I’m sure we all know about Zeus’s reputation as a philanderer, and today’s myth is another one of the Horny Zeus variety. This time, the object of his affection was Io, the beautiful daughter of the river-god Inakhos. When Hera almost caught her husband in the act with the nymph, Zeus tried to cover up the affair by turning Io into a cow.
Nothing makes a person more careless than being a cuckold, and when that cuckold has powers of transformation, it results in things like that. Hera, who was obviously still suspicious, asked for the cow as a present, and Zeus couldn’t very well refuse. Actually, Io’s family were said to be devotees of Hera’s, which kind of makes this situation even worse. Anyway, Hera had Io guarded by Argos Panoptes, a giant famous as the slayer of several monsters, as well as for his hundred eyes. Zeus sent Hermes to overcome the giant, so the messenger god told Argos boring stories, eventually forcing him to close all hundred of his eyes.
Hermes then killed Argos, but Io’s troubles were not yet over. When Hera found out what had happened, she sent a gadfly to relentlessly pursue the heifer. On the advice of Prometheus, Io eventually made her way to Egypt, where she regained her human form. She gave birth to Zeus’s son Epaphus, but since he was said to have been conceived with a touch, it’s not entirely clear whether Zeus was ever actually able to have sex with Io. The nymph also married the Egyptian King Telegonus. Apparently some links have been made between Io and the Egyptian goddess Isis.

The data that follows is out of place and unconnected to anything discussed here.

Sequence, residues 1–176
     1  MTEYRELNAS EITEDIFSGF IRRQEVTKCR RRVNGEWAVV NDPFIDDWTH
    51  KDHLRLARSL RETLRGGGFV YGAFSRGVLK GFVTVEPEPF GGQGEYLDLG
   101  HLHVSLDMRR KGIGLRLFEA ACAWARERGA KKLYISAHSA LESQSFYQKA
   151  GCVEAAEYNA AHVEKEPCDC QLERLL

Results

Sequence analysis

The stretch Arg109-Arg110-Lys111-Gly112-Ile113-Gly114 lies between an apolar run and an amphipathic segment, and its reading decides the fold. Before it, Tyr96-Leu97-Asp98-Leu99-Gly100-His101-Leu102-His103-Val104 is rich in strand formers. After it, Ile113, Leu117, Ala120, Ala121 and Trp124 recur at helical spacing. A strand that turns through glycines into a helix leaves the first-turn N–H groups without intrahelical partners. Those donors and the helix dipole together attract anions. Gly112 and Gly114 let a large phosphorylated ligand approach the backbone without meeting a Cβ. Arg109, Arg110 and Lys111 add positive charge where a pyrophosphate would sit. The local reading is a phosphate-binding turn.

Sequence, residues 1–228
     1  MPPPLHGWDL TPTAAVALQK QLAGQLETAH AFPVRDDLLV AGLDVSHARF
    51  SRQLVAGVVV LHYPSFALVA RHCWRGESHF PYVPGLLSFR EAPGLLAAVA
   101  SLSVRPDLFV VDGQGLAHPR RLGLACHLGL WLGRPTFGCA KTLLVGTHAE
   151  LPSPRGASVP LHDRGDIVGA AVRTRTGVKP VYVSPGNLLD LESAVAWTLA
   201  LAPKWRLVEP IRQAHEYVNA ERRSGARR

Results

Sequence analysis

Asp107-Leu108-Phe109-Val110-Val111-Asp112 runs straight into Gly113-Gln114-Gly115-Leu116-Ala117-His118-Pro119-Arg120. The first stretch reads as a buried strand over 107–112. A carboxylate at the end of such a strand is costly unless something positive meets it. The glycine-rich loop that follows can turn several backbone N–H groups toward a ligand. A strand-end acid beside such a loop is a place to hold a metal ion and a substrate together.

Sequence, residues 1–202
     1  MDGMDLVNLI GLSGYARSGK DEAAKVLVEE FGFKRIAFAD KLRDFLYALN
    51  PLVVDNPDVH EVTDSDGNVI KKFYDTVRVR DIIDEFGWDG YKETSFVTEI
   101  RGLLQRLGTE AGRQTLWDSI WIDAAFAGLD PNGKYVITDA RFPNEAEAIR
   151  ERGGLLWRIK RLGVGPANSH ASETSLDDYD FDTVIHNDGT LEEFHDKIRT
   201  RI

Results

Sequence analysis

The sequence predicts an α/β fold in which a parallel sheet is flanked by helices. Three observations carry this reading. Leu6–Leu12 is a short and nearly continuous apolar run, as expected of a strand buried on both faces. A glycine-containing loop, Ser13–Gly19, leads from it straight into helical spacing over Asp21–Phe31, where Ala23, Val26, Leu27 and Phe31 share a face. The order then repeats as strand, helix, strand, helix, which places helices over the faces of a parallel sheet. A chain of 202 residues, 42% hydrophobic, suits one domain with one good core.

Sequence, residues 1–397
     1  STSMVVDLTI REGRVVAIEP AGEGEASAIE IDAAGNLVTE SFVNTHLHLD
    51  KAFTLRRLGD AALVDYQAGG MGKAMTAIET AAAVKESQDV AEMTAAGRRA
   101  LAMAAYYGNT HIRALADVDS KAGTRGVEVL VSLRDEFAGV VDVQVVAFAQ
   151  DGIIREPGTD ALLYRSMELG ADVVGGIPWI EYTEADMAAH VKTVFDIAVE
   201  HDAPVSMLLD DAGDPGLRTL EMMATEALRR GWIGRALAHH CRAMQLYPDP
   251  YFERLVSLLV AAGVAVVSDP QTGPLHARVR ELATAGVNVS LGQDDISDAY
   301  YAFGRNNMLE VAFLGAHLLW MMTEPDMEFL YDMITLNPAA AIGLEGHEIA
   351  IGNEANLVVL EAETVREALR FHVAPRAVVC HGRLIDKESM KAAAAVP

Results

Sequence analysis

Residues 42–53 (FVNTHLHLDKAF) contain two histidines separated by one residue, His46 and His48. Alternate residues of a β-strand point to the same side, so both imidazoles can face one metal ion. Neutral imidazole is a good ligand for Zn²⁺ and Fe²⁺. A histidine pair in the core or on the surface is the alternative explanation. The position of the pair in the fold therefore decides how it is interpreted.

Io was the namesake for the Ionian Sea, which she presumably crossed while fleeing from Hera’s gadfly. Another place related to the myth is the Bosphorus, a strait connected the Black Sea to the Sea of Marmara. Its name means “cow-ford,” or at least that’s what the Greeks thought. Also named after Io is the first moon of Jupiter; all the first four moons of that planet, known as the Galilean moons because of their discovery by Galileo, are references to Zeus’s human partners.
Finally, I feel I should mention Blind Io, the chief of the gods in Terry Pratchett’s Discworld books.
Being the god of thunder, he has traits in common with Zeus, as well as the Norse Odin and Thor. An odd fact about his appearance is that he doesn’t have functioning eyes on his face (hence his sobriquet), but he does have many separate eyeballs that orbit his head. While the god doesn’t seem to have anything in common with the Greek Io herself, his numerous eyes are likely a reference to Argos, who was of course an integral part of Io’s story. There’s a speculation on Wikipedia that his name might also refer to the Blind Yeo, a man-made river in Somerset, England.